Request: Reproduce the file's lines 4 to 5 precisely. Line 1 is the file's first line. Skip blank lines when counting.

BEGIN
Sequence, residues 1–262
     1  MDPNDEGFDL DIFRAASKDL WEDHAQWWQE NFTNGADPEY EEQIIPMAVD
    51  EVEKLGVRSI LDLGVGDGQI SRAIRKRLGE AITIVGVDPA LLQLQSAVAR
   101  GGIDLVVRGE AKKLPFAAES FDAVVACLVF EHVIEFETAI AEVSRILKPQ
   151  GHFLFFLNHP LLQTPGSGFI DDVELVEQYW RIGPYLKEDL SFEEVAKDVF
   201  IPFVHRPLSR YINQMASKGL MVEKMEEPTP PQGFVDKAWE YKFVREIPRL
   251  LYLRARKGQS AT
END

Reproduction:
   101  GGIDLVVRGE AKKLPFAAES FDAVVACLVF EHVIEFETAI AEVSRILKPQ
   151  GHFLFFLNHP LLQTPGSGFI DDVELVEQYW RIGPYLKEDL SFEEVAKDVF